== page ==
In an effort to combat food waste and contribute to the fight against hunger, an innovative Chilean start-up called Valoriza, associated with the Bernardo O'Higgins University, has developed healthy foods from plant waste. This initiative has forged a crucial collaboration with Mercado Lo Valledor and is preparing to launch its products on the market.
Valoriza: An innovative solution
According to data from the Food and Agriculture Organization of the United Nations (FAO), approximately one third of the food produced for human consumption is wasted globally, equivalent to about 1.3 billion tons per year. Surprisingly, this figure rises to 50% when it comes to fruits and vegetables, despite the fact that more than 700 million people around the world suffer from hunger.
Valoriza has set out to address this problem by transforming plant waste into healthy and delicious foods. Although the commercialization of its products will begin this year, the company has been working on this initiative since 2020. Its collaboration with the Lo Valledor Market has been fundamental, allowing the revaluation of almost 800 kilos of agri-food surpluses that, otherwise, they would have ended up in landfills.
Foods with added value
The director of the School of Nutrition and Dietetics of the Bernardo O'Higgins University and co-director of the project, Ximena Rodríguez, highlights the importance of this initiative by pointing out that "we are recovering food surpluses to make healthy soups, with high fiber content, vitamins, minerals, antioxidants and without warning seals. Plus, they are fresh, natural and barely processed." Rodríguez adds that they have developed two types of compotes, one aimed at older adults and another for people over 30 years of age, which are highly versatile and can be consumed directly or used as a base for other culinary recipes.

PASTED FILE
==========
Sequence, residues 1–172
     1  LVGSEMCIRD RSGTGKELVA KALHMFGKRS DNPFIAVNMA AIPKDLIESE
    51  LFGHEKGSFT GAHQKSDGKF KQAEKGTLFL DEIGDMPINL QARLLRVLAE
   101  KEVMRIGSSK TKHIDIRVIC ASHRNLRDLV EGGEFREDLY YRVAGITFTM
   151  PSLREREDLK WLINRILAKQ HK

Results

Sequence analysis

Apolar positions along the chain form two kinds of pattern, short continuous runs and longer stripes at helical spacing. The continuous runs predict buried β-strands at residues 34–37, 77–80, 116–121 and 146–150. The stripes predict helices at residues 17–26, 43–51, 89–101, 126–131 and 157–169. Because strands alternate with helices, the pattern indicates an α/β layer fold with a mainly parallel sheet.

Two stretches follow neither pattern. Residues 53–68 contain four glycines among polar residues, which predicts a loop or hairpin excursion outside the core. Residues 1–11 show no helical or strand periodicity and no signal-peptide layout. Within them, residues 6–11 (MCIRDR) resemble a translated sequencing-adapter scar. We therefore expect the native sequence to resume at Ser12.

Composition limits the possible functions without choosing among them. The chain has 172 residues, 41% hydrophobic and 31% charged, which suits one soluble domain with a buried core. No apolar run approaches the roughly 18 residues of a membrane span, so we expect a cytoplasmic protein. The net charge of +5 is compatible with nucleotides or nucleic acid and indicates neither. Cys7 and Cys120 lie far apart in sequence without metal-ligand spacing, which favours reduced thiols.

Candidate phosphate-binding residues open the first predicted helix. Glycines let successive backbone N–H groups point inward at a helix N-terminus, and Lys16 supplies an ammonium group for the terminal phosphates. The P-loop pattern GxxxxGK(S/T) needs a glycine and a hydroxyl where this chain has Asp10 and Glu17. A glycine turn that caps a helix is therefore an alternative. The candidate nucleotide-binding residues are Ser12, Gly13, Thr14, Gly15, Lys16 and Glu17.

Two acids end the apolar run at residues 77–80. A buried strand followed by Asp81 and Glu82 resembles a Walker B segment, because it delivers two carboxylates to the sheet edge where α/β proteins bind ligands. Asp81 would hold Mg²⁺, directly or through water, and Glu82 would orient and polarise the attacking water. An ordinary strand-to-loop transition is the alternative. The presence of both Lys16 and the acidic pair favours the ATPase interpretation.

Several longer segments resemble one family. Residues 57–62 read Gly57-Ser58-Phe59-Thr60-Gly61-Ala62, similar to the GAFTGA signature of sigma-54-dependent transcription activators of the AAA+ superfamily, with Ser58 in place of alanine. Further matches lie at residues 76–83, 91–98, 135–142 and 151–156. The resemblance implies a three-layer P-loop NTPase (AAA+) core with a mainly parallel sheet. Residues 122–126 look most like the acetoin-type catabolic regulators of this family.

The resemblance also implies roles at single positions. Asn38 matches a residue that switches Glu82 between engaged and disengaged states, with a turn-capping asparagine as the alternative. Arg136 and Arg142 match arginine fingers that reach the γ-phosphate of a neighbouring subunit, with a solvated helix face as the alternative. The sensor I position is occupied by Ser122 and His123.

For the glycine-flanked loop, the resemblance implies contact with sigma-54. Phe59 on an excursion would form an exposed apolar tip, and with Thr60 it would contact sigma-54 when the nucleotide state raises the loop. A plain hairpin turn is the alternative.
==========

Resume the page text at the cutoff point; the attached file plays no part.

To date, nearly 200 million pesos have been invested in the first food prototypes and in the creation of a pilot food processing plant inside the Lo Valledor Market. The Valoriza team aims to double that investment by 2024, hoping to surpass the one-ton mark of valorized products. Although the commercial phase begins now, the previous three years of research and development have had a significant societal impact.
Social impact and sustainability
The co-director of the project, Fancy Rojas González, highlights that they have provided 4,000 free food rations to nursing homes, soup kitchens, shelters and children's homes that face high vulnerability. This not only addresses environmental sustainability, but also has a positive social impact by diversifying the food matrix of the beneficiary organizations of the Food Bank Foundation.
Valoriza is leading the way in the fight against food waste with its focus on environmental sustainability and social impact, showing how innovation and technology can be powerful tools to address global food challenges. With their collaboration with Mercado Lo Valledor, they are demonstrating that it is possible to create positive change in society, while reducing food waste and providing a nutritionally rich solution to those who need it most.